This time of year, those of us in the plant-advice business are asked repeatedly about overwintering tender patio plants. We all hate to see plants die with the first freeze, yet there’s only so much space available to bring them indoors. So the question becomes, “Can I cover it to protect it?” And the second question that follows is, “Will it survive in my garage?” Let’s get those two inquiries out of the way, then we’ll look, plant by plant, at how best you can proceed.If you’re talking about a truly tropical houseplant or patio container plant, there isn’t really a way you’re going to be able to cover it enough to pull it through a Metroplex winter. Just covering it with sheets, quilts or frost cloth may gain you a degree or two of protection, but that’s way off the mark. And building some kind of unattractive little plastic canopy over it probably will only frustrate you more — those things overheat almost instantly when morning sun hits them on those coldest, clearest days of mid-winter.Second question: that garage thing. Again, I’m playing the part of the grouchy old guy for this one. Garages are almost always way too dark and way too cold for tender tropicals to survive a four- or five-month imprisonment. That’s even the case if you rig up artificial lighting. It still won’t amount to the light they need. Sad plants. Sadder gardener.So we move to two plans that will work! Let this be the year that you invest in a small hobby greenhouse. (You’ll love it!) Or clear out a little space in your sunroom and bring your most prized tender plants in to spend the winter with you.Those, then, are the generalities. Here are short-form suggestions for overwintering specific plants — the types about which people ask the most. There are a lot of them, so pardon that my answers will be both blunt and brief. But they’re also based on several decades of watching these plants and the gardeners who grow them locally. Caladiums. Let them go. The trouble it takes to dig, dry, dust (sulfur) and store the dormant tubers over winter simply isn’t repaid by the poor results you get when you plant them the following April. I rarely hear from anyone who does this more than one time. Tropical hibiscus. These plants must have sunshine in the winter, and they suffer chilling injury when it drops into the 40s each night. Give them full or nearly full sunlight at 65 or 70 degrees. It’s the greenhouse or sunroom for them. Bougainvilleas. Again, you’re talking about a very tender tropical, and they must have bright sunshine and 70-degree temperatures or they’ll start dropping leaves. They must not be left outdoors in sub-freezing weather. These little babies need to come inside to the sunroom or into the warm greenhouse. They’ll pout in the garage — if they even survive. Bananas. Aha! A lush tropical plant that will survive the winters outdoors! Let them die back to the ground the night of the first killing freeze. A day or two later, pull all the frozen stem stubble out of the way and apply a layer of shredded tree leaves as a mulch over their crowns. Left in place, they should sprout the following spring in our area. Those few years that they don’t: Hey, new plants are cheap. Gold Star esperanza. This plant can handle light freezes (as in San Antonio, Houston and Corpus Christi), but here you need to figure out a way to get it into a greenhouse. They’re a bit too unruly to bring into the house. In fact, they’re inexpensive enough that you’ll probably decide to replace them. Crotons. Everybody loves these showy foliage plants. And they love sunshine as much as we love them. You’ll want a greenhouse or an extremely bright south- or west-facing window. Grow them in too little light and all of their new growth will be spindly and green. The brighter the light, the better the colors. Purple fountaingrass. With all the furor over ornamental grasses, people are surprised to hear that this one type is not perennial here. Unless it’s in an ultra-protected atrium (or in Brownsville), it won’t make it through the winter. Dig it and bring it inside? Oh, please. It’s a grass. Let the greenhouse growers get this one ready for your landscape next year. Ornamental sweet potatoes. OK, I confess. Only a few people actually ask about bringing these pots indoors for the winter. (The plants get huge!) But scores of people ask about eating the large roots they discover when they start to rework their beds in the process of planting new pansies. Think of it: a sweet potato root the size of a bowling ball! The problem is that their texture and flavor are also comparable to those of bowling balls. Your dentist and your gastroenterologist join me in suggesting that you pass on this delicacy.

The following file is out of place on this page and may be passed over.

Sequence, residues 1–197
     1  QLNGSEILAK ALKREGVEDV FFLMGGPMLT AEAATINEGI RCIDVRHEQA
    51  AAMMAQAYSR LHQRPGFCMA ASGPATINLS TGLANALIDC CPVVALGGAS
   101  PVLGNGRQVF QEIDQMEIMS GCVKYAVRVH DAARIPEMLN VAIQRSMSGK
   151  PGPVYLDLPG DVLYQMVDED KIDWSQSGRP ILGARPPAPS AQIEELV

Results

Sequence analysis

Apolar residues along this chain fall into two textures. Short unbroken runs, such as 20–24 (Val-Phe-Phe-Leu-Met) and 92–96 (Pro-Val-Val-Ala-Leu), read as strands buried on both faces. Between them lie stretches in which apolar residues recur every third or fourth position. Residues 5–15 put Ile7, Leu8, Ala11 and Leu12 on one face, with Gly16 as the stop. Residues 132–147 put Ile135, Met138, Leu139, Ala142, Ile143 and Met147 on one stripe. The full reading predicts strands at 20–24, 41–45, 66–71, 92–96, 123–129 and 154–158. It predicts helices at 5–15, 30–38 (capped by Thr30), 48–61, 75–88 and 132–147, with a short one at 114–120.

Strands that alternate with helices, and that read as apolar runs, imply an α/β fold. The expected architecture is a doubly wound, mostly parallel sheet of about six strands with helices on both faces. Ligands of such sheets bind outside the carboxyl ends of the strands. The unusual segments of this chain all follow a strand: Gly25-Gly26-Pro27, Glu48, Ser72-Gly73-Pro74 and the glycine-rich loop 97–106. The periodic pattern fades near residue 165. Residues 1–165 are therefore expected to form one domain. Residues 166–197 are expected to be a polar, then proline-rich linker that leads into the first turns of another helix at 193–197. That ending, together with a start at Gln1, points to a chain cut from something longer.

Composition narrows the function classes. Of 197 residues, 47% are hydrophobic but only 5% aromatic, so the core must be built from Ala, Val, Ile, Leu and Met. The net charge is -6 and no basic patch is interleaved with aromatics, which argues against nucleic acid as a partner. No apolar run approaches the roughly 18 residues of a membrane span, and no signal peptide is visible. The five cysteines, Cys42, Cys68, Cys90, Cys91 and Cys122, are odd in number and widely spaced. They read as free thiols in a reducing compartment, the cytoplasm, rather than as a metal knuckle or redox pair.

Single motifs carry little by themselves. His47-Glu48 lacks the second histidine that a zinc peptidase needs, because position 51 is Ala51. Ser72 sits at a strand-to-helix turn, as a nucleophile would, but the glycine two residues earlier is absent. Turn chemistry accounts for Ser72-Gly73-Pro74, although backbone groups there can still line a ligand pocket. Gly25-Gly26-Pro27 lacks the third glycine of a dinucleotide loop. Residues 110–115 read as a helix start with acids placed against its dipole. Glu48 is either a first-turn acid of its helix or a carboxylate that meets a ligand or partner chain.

Neil Sperry publishes “Gardens” magazine and hosts “Texas Gardening” from 8 to 10 a.m. Sunday on WBAP AM/FM. Reach him during those hours at 800-288-9227.